A grainy photograph from 1936.

The piping results on the first day were:

Ceòl Mòr, Open (for prizes presented by the Piobaireachd Society) – 1. Pipe Major Robert Reid (7th H.L.1.); 2. Either Robert B. Nicol (Balmoral) according to the Dundee Courier or, as The Scotsman reported, John Wilson (Edinburgh); 3. Robert U. Brown (Balmoral).
Ceòl Mòr (the Gold Medal) – 1. Donald I. Mackenzie (Tongue); 2. Owen MacNiven (Paisley); 3. Pipe Major G. A. Greenfield (Royal Scots); 4. Pipe Major W. Logie (Seaforth Highlanders).
Ceòl Mòr (for prizes presented by the Piobaireachd Society and the Argyllshire Gathering) –1. R. M. Meldrum; 2. Donald Shaw Ramsay (Avonbridge); 3. Donald Stewart (Forth).
Jigs – l. John Wilson; 2. Donald Ross (Lochgilphead); 3. Robert B. Nicol.

Donald Mackenzie. He won the Gold Medal at Oban in 1936.

Giving a flavour of the Gathering was a reporter from The Scotsman who wrote on September 11 that the pavilion enclosure was, “rather deserted when the Argyllshire Gathering resumed this morning for its second and closing day of piping, dancing, and athletics. That was scarcely to be wondered at, for the first of the two balls held in connection with the Gathering had not been over so very many hours before people began to arrive at the games field. Later, however, there was again a large attendance of West Highland county families and their guests, amongst them many visitors from England.

“The second being the ‘popular’ day of the Gathering the unreserved parts of the ground accommodated crowds of onlookers both morning and afternoon, their size growing once dull weather had given place to warm sunshine. In addition to the piping, which touches a high level at all these Gatherings in Oban today’s contests for caber tossing, hammer throwing, and stone putting, with entries from some of Scotland’s leading ‘strong men’, were attractions which brought onlookers from far and near. Amongst those who listened to the pipers and watched the feats of strength and skill were passengers who had come by sea from places either inaccessible or difficult of approach by road and rail. They formed part of a truly Highland and knowledgeable crowd. Walking amongst them I heard many people conversing in Gaelic. Doubtless they were discussing the intricacies of march, strathspey and reel, or the niceties of ‘heavyweight’ skill.”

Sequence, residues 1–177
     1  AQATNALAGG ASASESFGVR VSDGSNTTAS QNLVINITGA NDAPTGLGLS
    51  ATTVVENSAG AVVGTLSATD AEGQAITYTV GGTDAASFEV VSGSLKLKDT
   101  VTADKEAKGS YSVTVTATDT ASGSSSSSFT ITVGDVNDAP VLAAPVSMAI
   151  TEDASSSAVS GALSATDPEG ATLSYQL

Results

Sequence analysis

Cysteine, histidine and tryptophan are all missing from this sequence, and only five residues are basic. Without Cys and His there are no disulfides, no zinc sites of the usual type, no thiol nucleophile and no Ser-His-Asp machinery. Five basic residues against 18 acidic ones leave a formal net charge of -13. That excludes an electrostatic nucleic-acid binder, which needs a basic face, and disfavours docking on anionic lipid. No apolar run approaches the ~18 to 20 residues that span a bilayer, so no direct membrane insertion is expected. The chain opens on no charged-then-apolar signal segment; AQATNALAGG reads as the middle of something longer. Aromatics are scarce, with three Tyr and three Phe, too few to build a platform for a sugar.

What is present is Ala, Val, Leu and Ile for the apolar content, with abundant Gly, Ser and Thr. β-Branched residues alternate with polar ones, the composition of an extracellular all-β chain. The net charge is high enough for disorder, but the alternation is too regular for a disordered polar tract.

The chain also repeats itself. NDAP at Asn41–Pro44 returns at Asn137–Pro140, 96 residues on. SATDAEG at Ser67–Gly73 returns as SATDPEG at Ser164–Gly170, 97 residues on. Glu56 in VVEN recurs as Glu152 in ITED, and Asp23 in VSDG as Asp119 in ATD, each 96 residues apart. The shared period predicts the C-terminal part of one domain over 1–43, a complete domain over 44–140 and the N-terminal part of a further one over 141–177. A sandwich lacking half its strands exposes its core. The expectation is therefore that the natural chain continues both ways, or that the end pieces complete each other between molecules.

The results of the piping events on the second day were:

Marches, Strathspeys and Reels – 1. John Wilson; 2. Pipe Major John Macdonald (Glasgow Police); 3. Donald MacLean (Glasgow).
Marches, the Scottish Pipers Society Star – 1. Owen MacNiven; 2. Archie MacNab (Glasgow);  3. Pipe Major Greenfield; 4. John C. Johnston (Glasgow Police); 5. Pipe Major John B. MacLean (1st Queen’s Own Cameron Highlanders).
Strathspeys and Reels – 1. Pipe Major Richard Hepburn; 2. Peter R. MacLeod (Partick); 3. Duncan MacIntyre (Ballochmyle); 4. Robert U. Brown: 5. Archie MacNab.
Marches (Local) – 1. H. McGuinness (Gourock); 2. Murdo MacKenzie (Glendaruel); 3. Donald Millar (Lochearnhead).
Strathspeys and Reels (Local) – l. Neil C. Maclean (Islay); 2. H. McGuinness; 3. Piper Ian F. Ferguson (Kilmichael Glassary).

John Bertram MacLean was born at Salen in 1907 and served as Pipe Major of the 1st Bt. Queen’s Own Cameron Highlanders form 1934 to 1939. He died in 1940 while still serving.

Donald MacLean.

Donald MacLean was born in 1912 at Ballachulish but lived in Glasgow for much of his life.  He also lived at times in London, Inverness and Australia. Donald won the Gold Medal at the Northern Meeting in 1931. From 1940 to 1945 he served with the Lovat Scouts. He died in Inverness in 1986.

Peter R. MacLeod junior was born in 1916 in Glasgow. He spent 17 years in Rhodesia then returned to Scotland in 1955 then settled in London where he died in 1972. He and his father Peter R. MacLeod senior were noted composers.

Donald Shaw Ramsay was born in 1919 at Muiravonside. In the years 1937 to 1939 he was Pipe Major of the Craigend Pipe Band in Falkirk then from 1939 to 1946 he was Pipe Major of the 10th H.L.I.  He was Piper to the Duke of Hamilton in 1946-7 before joining the Edinburgh Police where was Pipe Major from 1949 to 1958. Donald was shot and injured on police duty in 1957. He spent two years in San Francisco 1963-65 then was Pipe Major Invergordon Distillery 1965 to 1967. He died in Falkirk in 1998.

Henry MacGuinness won the SPA Veterans’ competition 11 times over the years 1972 to 1984.

Donald Shaw Ramsay.

• To be continued.

• Part 1
• Part 2
• Part 3
• Part 4
• Part 5
• Part 6
• Part 7
• Part 8
• Part 9
• Part 10
• Part 11
• Part 12
• Part 13
• Part 14
• Part 15
• Part 16
• Part 17